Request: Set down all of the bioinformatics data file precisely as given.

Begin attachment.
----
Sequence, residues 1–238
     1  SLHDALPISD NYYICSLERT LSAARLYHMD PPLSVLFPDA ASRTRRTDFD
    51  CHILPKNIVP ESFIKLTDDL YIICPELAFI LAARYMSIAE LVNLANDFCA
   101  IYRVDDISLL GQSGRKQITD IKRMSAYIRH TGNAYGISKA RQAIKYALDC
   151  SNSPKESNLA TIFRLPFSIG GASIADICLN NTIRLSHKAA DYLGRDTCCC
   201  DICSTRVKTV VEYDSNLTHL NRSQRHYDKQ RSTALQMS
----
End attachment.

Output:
Sequence, residues 1–238
     1  SLHDALPISD NYYICSLERT LSAARLYHMD PPLSVLFPDA ASRTRRTDFD
    51  CHILPKNIVP ESFIKLTDDL YIICPELAFI LAARYMSIAE LVNLANDFCA
   101  IYRVDDISLL GQSGRKQITD IKRMSAYIRH TGNAYGISKA RQAIKYALDC
   151  SNSPKESNLA TIFRLPFSIG GASIADICLN NTIRLSHKAA DYLGRDTCCC
   201  DICSTRVKTV VEYDSNLTHL NRSQRHYDKQ RSTALQMS